UAE business sponsorship: partnership & service agent

02 Sep, 2022
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Cyrus Izibili

LEGAL ADVISOR

Pre-Direct Investment Law (DIL) 2018, an expatriate who seeks to set up a business was required to have a registered business license on the mainland under the Department of Economic Development of a respective emirate. To conduct the business of a commercial, industrial, or trading activity, fifty-one per cent of company shares must be prescribed to an Emirati sponsor. Following the introduction of the DIL, it was introduced a list of sectors and activities eligible for one hundred per cent foreign ownership.[1] This reform affected the advantages and disadvantages of Emirati sponsorship.

This article will shed light on expatriates seeking clarity on Emirati sponsorship's effects. The two types of sponsorship available to expatriates are (a) partnership with an Emirati or a company one hundred per cent owned by an Emirati. This occurs when an Emirati partner has a minimum of fifty-one per cent of the shares. Alternatively, (b) service agency by an Emirati, or a company one hundred per cent owned by an Emirati. This occurs when a service agent does not have shares with the sponsored business but serves as a representative of the business to official government entities.[2] These two types of sponsorships are commonly known as ‘local partner’ for the former, and as ‘local agent (LSA)’ for the latter however, for the purposes of this article we will refer to them as partnership and service agency.

In both scenarios, the business sponsor is either an individual or a corporate entity. Fundamentally, there is no restriction on gender, and naturally, the individual must be above the age of 18 years; otherwise, their legal guardian will remain, custodians, until the age criteria is met. The choice between an individual or corporate entity is marginal. The role your sponsor or agent accepts to perform would be based on the business agreements. Similarly, the financial payment will vary on a case-by-case basis. There is no minimum legislative requirement to pay your Emirati partner or agent, but there is a customary etiquette and possibility for negotiation. For instance, your business can benefit due to the name that provides value by association. It would, however, be essential to anticipate and consider circumstances to mitigate against death, breach, and/or time management.[3]

Before proceeding with your sponsorship choice, obtaining advice from expert legal professionals is vital. The partner's intentions are by default silent unless the partner's and service agent's responsibilities are provided in a written agreement. The sponsor does not have any civil responsibility or monetary compulsions to the business unless otherwise agreed upon in a written agreement.[4] Furthermore, rights awarded to Emiratis that sponsor businesses are not waived, even if silent. This is particularly relevant in partnerships where your sponsor could theoretically remove you from your own business.[5]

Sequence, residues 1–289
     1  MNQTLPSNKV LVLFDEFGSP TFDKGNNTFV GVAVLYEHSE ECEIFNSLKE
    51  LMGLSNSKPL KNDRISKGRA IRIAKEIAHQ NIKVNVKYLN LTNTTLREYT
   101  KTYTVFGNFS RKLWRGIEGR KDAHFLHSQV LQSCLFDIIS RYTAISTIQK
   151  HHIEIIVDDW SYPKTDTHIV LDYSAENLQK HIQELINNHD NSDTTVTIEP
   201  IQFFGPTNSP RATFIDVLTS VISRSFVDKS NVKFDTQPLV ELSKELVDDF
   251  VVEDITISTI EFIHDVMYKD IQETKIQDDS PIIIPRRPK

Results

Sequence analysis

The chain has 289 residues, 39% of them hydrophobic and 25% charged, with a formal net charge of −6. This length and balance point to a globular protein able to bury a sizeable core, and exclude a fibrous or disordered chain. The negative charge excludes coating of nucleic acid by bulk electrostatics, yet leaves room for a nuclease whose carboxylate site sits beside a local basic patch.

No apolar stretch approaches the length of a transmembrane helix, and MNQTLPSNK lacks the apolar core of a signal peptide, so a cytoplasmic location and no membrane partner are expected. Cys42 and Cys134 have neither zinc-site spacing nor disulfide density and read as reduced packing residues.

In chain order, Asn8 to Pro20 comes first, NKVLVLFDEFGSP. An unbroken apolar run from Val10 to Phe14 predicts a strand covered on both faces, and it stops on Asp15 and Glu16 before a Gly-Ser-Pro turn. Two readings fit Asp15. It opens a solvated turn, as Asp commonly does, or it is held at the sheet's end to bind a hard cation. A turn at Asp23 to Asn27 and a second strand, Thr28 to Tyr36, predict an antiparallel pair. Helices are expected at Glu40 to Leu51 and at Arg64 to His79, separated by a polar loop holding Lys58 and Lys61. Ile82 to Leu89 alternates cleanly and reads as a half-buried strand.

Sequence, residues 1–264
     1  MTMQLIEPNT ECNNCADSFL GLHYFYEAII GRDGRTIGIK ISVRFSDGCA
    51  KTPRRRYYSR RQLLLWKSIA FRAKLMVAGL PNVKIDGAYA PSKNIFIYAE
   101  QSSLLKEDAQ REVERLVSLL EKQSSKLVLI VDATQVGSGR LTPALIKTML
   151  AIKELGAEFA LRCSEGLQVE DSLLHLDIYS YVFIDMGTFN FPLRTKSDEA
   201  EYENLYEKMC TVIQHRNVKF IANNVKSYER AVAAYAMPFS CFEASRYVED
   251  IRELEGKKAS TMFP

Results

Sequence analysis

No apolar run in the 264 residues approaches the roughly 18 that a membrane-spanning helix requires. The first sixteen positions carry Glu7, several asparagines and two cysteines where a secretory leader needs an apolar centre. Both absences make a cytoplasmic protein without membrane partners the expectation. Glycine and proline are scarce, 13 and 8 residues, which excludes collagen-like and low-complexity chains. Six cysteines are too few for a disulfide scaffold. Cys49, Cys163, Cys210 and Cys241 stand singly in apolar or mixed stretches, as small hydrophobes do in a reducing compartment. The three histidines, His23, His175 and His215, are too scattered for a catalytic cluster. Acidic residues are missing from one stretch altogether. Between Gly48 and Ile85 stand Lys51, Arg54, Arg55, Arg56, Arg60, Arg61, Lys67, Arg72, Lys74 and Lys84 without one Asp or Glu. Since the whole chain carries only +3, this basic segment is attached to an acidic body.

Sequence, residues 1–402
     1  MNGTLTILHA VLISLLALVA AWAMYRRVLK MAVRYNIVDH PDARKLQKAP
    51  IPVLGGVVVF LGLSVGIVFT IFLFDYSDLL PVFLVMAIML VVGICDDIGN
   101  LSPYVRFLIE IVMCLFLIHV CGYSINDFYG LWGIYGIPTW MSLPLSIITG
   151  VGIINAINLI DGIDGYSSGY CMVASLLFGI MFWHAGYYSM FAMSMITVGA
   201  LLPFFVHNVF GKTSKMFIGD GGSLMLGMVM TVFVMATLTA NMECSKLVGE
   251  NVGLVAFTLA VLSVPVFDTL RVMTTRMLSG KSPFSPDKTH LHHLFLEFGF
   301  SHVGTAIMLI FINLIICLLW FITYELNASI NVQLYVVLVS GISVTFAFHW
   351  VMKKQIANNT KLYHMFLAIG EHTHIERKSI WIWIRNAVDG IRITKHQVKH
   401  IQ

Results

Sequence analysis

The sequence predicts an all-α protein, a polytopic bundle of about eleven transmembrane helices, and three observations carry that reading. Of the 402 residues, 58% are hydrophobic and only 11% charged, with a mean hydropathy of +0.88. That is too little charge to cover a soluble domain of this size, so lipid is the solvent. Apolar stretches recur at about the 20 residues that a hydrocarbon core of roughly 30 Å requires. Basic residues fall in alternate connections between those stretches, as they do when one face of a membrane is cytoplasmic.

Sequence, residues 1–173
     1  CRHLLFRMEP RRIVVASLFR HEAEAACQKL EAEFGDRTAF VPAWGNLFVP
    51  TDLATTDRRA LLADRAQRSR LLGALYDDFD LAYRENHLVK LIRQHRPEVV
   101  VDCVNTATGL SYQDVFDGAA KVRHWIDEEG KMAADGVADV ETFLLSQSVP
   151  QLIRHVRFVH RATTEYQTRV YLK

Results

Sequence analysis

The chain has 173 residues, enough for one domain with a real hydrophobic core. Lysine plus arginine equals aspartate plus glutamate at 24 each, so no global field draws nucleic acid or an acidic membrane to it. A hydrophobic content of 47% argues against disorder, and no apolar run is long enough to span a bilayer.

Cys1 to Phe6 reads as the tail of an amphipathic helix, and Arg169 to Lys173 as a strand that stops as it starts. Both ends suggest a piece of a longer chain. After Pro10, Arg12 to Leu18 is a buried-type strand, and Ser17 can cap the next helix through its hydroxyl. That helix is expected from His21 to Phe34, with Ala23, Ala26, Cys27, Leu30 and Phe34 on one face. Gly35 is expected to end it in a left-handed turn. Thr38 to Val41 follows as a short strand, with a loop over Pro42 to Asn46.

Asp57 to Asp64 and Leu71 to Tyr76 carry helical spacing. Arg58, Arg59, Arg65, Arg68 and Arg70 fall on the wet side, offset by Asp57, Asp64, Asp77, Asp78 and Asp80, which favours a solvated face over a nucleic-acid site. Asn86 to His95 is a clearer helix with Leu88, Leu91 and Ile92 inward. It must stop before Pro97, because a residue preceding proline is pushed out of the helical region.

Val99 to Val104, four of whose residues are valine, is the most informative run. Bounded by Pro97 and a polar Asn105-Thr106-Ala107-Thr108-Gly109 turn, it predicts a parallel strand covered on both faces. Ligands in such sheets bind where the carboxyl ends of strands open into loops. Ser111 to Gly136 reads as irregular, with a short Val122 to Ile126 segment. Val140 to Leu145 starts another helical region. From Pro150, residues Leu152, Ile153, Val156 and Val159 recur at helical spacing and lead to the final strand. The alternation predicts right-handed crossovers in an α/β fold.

Irrespective of the sponsor's rights and the legislative requirement to have an Emirati sponsor in the form of a partnership or service agency, the expatriate business owner does have rights. Such rights could even provide for substitution and replacement of the sponsor through the means of buying and/or selling shares of the business.[6] Moreover, in certain circumstances of breach the sponsorship may be dismissed and replaced where there are serious reasons for justifying the dismissal of the sponsor.[7]

Nonetheless, to incorporate your business with the appropriate sponsor choice has never been more relevant to business planning and opportunity cost. Recent reform, legislation, and commercial practice builds the foundation for businesses and business owners to thrive in the UAE economy, whilst balancing the demands of foreign direct investment with requirement for macro-Emiratisation policy. It remains essential to understand the steps, the effects, and the costs associated with your business sponsorship choice before entering into any legally binding agreement.

[1] The list of sectors includes space, renewable energy, agriculture, manufacturing, road transport and storage, hospitality & food services, information & communication services, professional scientific & technical activities, administration & support services, education, healthcare, art & entertainment, and construction.

[2] Notary public, court, economic department, immigration, and labour.

[3] This could be considered succession planning.

[4] The remuneration, role, responsibility, liability, cost breakdown, and succession planning must be considered during term negotiation.

[5] Legal consultation > selection of sponsorship > negotiation of terms > creation of written legal documents > procedure & attestation of documents > conduct business.

[6] Commercial Companies Law of 2015 provides the procedure a business must execute to change its legal structure.

[7] Failure to perform duty because unavailability, non-cooperative and misuse of funds.

 

Cyrus Izibili

Legal Consultant

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